1. Life & Culture

New 'Alien: Covenant' is a gift to fans who hated 'Prometheus'

A scene from "Alien: Covenant."  (Twentieth Century Fox via AP)
A scene from "Alien: Covenant." (Twentieth Century Fox via AP)
Published May 17, 2017

In 2012, Ridley Scott puzzled viewers with Prometheus, a sideways prequel to Alien posing grandiose questions of sci-fi creationism without answers. Or as much face-sucking, flesh-bursting goo, as it turned out.

Alien: Covenant is more like what the franchise's fans expect, and why not? Scott practically invented the dead-meat-in-space genre with Alien. Here, he adroitly balances lofty ideas rooted in Prometheus and what can be described as covers of alien kills. A mind scramble here, a gut punch there. It works.

Covenant is its own subspecies of Alien movie, bearing franchise traits of claustrophobic spaceships and women in charge. Yet it's also uncommonly opened up to worlds outside the vessel, where safety isn't entirely determined by heroism from any gender. Or android, in the case of the movie's most compelling character.

At first look Walter may be mistaken for David, the "synthetic" crew member from Prometheus also played by Michael Fassbender. Walter is an updated model, introduced while parrying with his creator-father figure (Guy Pearce) about human versus artificial intelligence superiority. Fassbender's stillness fascinates, his voice and movements convincingly inhuman.

From that Kubrickian opener, Scott reverts to franchise form with a space expedition to a colony planet. The Covenant is sleeker, cleaner than the original's Nostromo freighter where Scott will eventually take his current arc.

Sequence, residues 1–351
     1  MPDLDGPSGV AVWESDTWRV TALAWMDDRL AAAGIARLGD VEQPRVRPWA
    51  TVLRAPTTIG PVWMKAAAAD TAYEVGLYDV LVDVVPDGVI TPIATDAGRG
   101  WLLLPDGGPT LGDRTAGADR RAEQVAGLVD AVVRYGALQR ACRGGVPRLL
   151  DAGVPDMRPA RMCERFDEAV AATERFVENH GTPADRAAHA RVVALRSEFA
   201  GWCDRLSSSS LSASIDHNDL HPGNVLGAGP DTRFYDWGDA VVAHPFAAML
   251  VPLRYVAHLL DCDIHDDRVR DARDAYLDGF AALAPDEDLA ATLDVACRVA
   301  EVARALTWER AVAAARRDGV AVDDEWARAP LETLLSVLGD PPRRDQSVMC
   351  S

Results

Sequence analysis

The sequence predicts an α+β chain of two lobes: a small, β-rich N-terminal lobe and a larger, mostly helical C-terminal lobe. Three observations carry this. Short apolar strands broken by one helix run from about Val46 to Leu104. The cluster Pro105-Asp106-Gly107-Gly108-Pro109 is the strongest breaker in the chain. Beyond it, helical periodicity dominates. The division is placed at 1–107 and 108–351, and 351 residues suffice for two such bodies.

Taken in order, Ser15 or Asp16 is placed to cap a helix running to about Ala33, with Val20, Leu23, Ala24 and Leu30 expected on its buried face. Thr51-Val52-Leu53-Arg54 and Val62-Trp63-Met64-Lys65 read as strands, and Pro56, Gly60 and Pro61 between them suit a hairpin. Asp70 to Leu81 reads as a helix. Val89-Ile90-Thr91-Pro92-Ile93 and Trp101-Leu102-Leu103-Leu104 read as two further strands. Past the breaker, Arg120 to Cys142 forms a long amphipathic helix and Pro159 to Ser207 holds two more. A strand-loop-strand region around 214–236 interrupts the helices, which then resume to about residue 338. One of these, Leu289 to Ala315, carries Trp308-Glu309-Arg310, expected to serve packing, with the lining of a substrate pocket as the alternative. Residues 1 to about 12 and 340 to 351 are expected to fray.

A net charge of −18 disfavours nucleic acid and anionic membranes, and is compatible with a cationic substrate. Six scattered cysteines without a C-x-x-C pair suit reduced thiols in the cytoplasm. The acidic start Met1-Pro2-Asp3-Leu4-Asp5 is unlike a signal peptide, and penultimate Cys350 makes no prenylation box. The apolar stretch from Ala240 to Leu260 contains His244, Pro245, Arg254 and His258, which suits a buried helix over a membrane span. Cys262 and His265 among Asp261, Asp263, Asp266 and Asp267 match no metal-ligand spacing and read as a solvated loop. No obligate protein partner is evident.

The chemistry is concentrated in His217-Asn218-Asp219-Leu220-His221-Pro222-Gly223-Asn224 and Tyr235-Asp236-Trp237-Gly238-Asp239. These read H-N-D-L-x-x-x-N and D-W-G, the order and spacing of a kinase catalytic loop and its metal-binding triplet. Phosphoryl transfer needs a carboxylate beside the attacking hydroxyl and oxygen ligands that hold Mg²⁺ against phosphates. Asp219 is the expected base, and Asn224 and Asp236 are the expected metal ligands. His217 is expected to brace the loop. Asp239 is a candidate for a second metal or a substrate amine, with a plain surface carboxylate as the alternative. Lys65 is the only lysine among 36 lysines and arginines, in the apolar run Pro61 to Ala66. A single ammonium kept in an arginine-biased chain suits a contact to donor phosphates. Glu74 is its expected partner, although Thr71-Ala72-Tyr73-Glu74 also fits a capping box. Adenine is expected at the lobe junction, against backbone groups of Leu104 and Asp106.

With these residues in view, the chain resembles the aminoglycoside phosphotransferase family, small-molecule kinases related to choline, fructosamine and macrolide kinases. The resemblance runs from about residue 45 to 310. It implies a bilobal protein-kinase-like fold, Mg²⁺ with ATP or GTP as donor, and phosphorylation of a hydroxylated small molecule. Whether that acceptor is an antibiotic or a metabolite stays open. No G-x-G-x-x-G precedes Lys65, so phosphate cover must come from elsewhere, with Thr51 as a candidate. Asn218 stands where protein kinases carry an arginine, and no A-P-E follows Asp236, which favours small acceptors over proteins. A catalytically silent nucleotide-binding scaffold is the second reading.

The Covenant carries more precious cargo, thousands of humans in suspended animation and frozen embryos to populate a new world. As such, everyone aboard is coupled for procreation, even the crew, adding another layer of dread as things get messier. Everyone's sleep is watched over by Walter until a space storm collision requires the crew to awaken for repairs turning deadly.

An early casualty is the captain (James Franco, unbilled), leaving his mate Daniels (Katherine Waterston) distraught. His unsure replacement Oram (Billy Crudup) is a self-proclaimed "person of faith," an angle that Prometheus might have run with but Scott won't go down that rabbit hole again.

Still years away from the colony, the Covenant receives a radio transmission from a closer planet apparently safe for humans but previously undetected. Forgetting the road trip rule to never take an unknown short cut, an expedition is sent to inspect the planet, a lush place looking perfect for their needs.

The planet includes a familiar site for viewers, the crashed Prometheus spaceship where ancient cave paintings were first pieces in Scott's puzzle. The explorers also locate a familiar if shaggier face, the synthetic David providing Fassbender with two roles to perfectly play.

From there spoiler shields are raised, protecting the identity of victims who may include those thousands of sleeping passengers and embryos. Waterston's softer impulses suggest she isn't in Ripley's league as a feminist warrior. Walter and David have plenty to discuss. Those iconic Xenomorph creatures are closing in and busting out. The ending is a pip.

Scott smartly mixes the grisly shocks making the franchise famous with theological fantasy that five years ago turned off many fans (not me). Alien: Covenant is smarter than the average horror flick with a healthy dose of gross.

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Contact Steve Persall at or (727) 893-8365. Follow @StevePersall.


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